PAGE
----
Forest conflict in Asia is on the rise as various stakeholders have different views about and interests in the management of increasingly scarce resources. Unfortunately, in many instances, local communities and indigenous peoples suffer the most when such conflicts play out. Focusing on how rights (or a lack thereof) instigate conflict and how collective action plays a role in conflict management, this paper examines eight cases from six countries: Cambodia, China, Indonesia, Lao PDR, Thailand and Vietnam.
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Library ResourceReports & ResearchDecember, 2011China, Indonesia, Cambodia, Laos, Thailand, Vietnam, South-Eastern Asia
Library ResourceReports & ResearchSeptember, 2011Indonesia, Laos, Nepal, Vietnam, South-Eastern Asia
This document highlights the key achievements and challenges of the "Grassroots Capacity Building for REDD+" project in the Asia-Pacific region from August 2010 to July 2011.
Library ResourceConference Papers & ReportsNovember, 2011China, Laos, Nepal, Global
The workshop was attended by 89 participants representing government agencies, national assembly, civil society groups, and international organizations working in Lao PDR. In order to share experience of reforming forest tenure from other countries, resource persons were also invited from China, Nepal, Brazil and Vietnam.The key objective of the workshop was to continue the process of learning on forest land tenure reform from various countries, review and reflect on the current states of forest tenure in Lao PDR, and work out on pathways to forest tenure change.
Library ResourceReports & ResearchDecember, 2011Cambodia, Laos, Myanmar, Thailand, Vietnam, Vietnam
ABSTRACTED FROM INTRODUCTION: Women’s access to and control over land can potentially lead to gender equality alongside addressing material deprivation. Land is not just a productive asset and a source of material wealth, but equally a source of security, status and recognition. Substantive gender equality is both relational and multi-dimensional, cutting across race, class, caste, age, educational and locational hierarchies and can only be achieved if rights are seen as socially legitimate.
Library ResourceReports & ResearchOctober, 2011Bangladesh, Burkina Faso, Chad, Chile, Colombia, Ecuador, Ethiopia, Ghana, India, Kenya, Laos, Nepal, Peru, South Africa, Thailand, Vietnam, Zimbabwe, South-Eastern Asia, Eastern Africa, Southern Asia, Southern Africa, South America, Western Africa
Despite challenges in many river
basins, overall the planet has
enough water to meet the full range
of peoples’ and ecosystems’ needs
for the foreseeable future, but
equity will only be achieved through
judicious and creative management.
Library ResourceReports & ResearchDecember, 2011Burkina Faso, Cambodia, Ghana, India, Kenya, Laos, South Africa, Thailand, Vietnam, Africa, Asia, South-Eastern Asia
This working paper reviews the experiences of the Challenge Program on Water and Food (CPWF) with 14 “small
grants for impact” that were contracted in early 2006 and operated for periods of 12 to 18 months. For a total
investment of under US$1 million – less than the equivalent of a typical 3-5 year CPWF research for development
project in Phase 1, the small grant projects made significant contributions to identifying water and food technology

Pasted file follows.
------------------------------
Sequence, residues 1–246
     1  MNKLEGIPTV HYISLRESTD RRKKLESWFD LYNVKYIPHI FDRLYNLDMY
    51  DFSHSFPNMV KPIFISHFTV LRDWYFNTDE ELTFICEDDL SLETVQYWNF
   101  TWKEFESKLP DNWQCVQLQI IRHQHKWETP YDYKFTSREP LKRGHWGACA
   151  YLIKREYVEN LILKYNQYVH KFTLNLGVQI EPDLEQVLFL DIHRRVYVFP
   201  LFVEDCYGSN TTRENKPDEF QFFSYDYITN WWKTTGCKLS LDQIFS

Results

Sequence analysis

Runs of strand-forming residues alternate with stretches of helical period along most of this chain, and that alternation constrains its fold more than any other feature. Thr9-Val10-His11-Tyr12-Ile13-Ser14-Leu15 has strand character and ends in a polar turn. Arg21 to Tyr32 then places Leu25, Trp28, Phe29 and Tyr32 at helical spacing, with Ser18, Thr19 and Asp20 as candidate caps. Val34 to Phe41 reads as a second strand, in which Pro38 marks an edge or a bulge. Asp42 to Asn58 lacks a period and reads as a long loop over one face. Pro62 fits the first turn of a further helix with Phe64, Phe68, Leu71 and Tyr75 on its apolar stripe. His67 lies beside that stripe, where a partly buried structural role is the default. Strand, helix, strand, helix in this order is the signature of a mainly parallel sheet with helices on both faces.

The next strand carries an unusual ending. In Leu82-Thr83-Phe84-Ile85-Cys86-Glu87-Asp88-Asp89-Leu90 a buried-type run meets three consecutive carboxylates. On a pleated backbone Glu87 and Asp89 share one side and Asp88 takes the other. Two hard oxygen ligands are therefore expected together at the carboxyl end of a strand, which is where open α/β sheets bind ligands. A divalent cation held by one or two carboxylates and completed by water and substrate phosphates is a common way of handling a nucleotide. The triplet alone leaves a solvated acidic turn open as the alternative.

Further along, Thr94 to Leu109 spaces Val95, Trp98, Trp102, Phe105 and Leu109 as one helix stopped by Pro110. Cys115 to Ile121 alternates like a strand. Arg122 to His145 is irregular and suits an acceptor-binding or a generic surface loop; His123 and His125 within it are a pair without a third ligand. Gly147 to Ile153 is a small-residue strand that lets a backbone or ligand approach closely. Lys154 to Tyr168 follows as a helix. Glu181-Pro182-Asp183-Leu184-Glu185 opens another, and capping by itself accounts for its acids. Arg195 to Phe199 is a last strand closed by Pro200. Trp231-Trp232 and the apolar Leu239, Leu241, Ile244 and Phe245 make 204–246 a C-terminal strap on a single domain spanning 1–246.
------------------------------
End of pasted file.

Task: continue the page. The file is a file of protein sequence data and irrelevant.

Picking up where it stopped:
for specific end users (thus showing the potential of CPWF research in general); to better understanding of
Library ResourceReports & ResearchDecember, 2011Laos, South-Eastern Asia
Library ResourceReports & ResearchDecember, 2011Cambodia, Laos, Thailand, Vietnam, South-Eastern Asia, Asia
Watersheds face a range of degradation challenges associated with human activities, such as pollution, deforestation and changes in sediment generation. The way they are managed has a profound cascading effect on natural resources and communities in the wider basin. Although watersheds play a critical role as the basic hydrological unit within a river basin they are often neglected in river basin management.
Library ResourceReports & ResearchPolicy Papers & BriefsNovember, 2011Laos, Vietnam, Eastern Asia, Oceania
This note on integrating gender issues in recovery and reconstruction planning is the fifth in a series of guidance notes on gender issues in Disaster Risk Management (DRM) in East Asia and Pacific region. There are number of key challenges that women face in different elements of post disaster risk reconstruction and recovery. This note addresses the following bottlenecks: a) housing, land titling and property rights, b) health and post disaster violence, c) community services and infrastructure restoration, and d) poverty reduction, livelihood restoration and economic development.
Library ResourceReports & ResearchDecember, 2011Bangladesh, United States of America, Afghanistan, China, Sri Lanka, Indonesia, Australia, Laos, United Kingdom, Guinea, Republic of Korea, Thailand, Nepal, Pakistan, Yemen, Philippines, Singapore, Vietnam, Kyrgyzstan, Myanmar, Brunei Darussalam, Cambodia, Japan, India, Kazakhstan, Georgia, Malaysia, Papua New Guinea, Mongolia, Asia, Oceania
Document de travail sur les régimes fonciers 20. Ce document analyse les caractéristiques des systèmes de propriété communale dans divers pays d’Asie. Les pressions actuelles du marché sur les ressources naturelles créent à la fois des défis et des opportunités pour les communautés et pour les gouvernements en vue d’utiliser et de renforcer les systèmes de propriété commune pour promouvoir la gestion durable des ressources naturelles. Des politiques et des institutions ad hoc sont nécessaires pour promouvoir la redevabilité des acteurs et la bonne gouvernance de ces ressources.
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